(HealthDay News) — Men are at increased risk for oral human papillomavirus (HPV) infection if their female sex partners have oral and/or genital HPV infections, according to a study published online November 12 in Cancer Epidemiology, Biomarkers & Prevention.
For the study, researchers looked at 222 men and their female partners, and found that the overall rate of oral HPV infection among the men was 7.2%. Rates were higher among those who had a female sex partner with oral HPV infection (28.6%) and/or genital HPV infection (11.5%), had multiple sex partners (17.9%), or were smokers (12.2%). Of the 222 men in the study, 130 had a sex partner with a genital HPV infection. There were no HPV infections among the 52 men who never smoked, were in single-partner relationships, and whose partner was free of oral or genital HPV.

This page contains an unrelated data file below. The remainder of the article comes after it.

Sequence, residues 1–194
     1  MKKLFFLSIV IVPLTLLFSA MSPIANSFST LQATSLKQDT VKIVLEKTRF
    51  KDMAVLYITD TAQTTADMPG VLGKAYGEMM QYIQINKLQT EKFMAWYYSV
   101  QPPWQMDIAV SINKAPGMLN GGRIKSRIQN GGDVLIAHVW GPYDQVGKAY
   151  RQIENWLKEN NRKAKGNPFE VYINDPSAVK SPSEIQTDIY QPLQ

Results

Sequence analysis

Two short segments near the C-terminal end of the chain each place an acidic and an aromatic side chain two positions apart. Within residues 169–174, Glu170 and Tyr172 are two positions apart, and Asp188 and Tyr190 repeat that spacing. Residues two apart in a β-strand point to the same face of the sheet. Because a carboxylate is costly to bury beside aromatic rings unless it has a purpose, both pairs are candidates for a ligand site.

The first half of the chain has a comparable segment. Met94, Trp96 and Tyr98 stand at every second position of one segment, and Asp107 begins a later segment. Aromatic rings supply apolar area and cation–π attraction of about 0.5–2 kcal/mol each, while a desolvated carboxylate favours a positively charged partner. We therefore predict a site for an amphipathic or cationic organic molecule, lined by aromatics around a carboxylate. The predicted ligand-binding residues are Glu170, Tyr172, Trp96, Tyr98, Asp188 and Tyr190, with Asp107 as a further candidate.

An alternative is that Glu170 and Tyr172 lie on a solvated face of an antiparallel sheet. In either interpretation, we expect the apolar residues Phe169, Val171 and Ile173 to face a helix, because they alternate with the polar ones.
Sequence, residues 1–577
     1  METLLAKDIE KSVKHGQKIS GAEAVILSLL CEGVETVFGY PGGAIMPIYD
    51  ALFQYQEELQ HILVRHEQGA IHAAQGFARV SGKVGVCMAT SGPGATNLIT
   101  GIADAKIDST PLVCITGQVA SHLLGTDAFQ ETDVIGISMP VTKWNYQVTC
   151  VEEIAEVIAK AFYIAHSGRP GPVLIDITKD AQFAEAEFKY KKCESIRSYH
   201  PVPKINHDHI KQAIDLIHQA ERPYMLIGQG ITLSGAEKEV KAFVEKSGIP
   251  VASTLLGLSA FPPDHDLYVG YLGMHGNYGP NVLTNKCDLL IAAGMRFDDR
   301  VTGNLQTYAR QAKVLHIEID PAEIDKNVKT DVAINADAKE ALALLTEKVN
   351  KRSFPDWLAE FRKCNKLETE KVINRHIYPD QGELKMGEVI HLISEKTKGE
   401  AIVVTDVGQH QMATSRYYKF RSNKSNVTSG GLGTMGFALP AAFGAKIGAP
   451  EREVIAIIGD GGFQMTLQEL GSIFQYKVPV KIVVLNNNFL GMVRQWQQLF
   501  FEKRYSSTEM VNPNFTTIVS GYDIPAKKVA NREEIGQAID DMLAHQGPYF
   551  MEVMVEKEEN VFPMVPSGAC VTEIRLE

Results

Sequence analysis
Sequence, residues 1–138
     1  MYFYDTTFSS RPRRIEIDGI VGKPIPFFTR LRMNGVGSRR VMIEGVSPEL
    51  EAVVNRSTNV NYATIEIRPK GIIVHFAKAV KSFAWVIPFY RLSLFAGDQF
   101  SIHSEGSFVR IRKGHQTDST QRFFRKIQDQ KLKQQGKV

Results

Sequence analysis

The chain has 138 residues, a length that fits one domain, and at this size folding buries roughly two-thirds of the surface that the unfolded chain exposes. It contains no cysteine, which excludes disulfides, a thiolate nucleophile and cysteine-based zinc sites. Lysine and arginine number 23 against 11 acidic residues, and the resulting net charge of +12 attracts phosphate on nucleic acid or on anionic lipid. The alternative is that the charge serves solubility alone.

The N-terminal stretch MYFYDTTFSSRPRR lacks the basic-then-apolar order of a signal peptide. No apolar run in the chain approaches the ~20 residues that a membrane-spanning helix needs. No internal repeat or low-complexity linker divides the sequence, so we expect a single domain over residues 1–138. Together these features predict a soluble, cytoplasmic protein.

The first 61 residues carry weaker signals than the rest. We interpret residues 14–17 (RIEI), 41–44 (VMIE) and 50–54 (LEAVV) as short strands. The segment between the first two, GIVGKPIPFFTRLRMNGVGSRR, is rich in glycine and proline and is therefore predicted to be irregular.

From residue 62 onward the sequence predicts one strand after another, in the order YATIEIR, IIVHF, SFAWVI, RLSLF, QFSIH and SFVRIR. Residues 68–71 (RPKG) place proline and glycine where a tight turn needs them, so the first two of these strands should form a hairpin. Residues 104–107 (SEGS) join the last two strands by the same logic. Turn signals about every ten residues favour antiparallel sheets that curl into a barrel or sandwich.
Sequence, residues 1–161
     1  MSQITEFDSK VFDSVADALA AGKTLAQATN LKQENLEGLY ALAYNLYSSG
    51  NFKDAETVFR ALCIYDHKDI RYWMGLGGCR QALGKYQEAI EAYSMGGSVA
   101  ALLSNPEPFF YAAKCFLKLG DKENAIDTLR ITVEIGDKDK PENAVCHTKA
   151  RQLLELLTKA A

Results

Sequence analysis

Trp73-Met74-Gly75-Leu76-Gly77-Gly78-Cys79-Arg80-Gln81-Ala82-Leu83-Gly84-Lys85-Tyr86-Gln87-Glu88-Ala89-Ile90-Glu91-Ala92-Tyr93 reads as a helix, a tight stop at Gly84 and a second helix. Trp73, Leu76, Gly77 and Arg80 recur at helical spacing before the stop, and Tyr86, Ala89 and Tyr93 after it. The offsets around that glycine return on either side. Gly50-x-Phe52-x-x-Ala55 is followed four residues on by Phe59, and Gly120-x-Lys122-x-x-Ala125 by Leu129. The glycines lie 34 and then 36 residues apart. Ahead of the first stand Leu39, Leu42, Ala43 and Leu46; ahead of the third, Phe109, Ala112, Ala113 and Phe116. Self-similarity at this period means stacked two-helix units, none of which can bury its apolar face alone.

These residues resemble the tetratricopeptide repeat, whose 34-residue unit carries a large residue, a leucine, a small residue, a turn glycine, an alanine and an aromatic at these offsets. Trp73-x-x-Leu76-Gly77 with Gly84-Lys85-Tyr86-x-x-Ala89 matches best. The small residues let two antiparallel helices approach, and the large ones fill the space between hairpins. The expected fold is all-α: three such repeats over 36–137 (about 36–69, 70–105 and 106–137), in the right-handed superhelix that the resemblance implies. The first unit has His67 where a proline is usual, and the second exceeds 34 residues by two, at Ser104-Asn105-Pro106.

In addition, the researchers found that the rate of infection with HPV16 was 2.3% among all the men in the study and 6.1% among the 33 men whose sex partners had genital HPV16 infection. The more often men performed oral sex on their partner, the more likely they were to be infected with the type of HPV present in the genitals of that partner, the study authors noted in a news release from the American Association for Cancer Research.
“Understanding how HPV is transmitted is important because it will help us identify who is most at risk for HPV infection and how we can help them protect themselves and their partners,” lead researcher, Eduardo Franco, DrPH, from McGill University in Montreal, said in the news release. “Our work provides additional evidence that HPV is sexually transmitted to the oral tract through oral-oral and oral-genital contact.”
The study was funded in part by Merck (maker of Gardasil).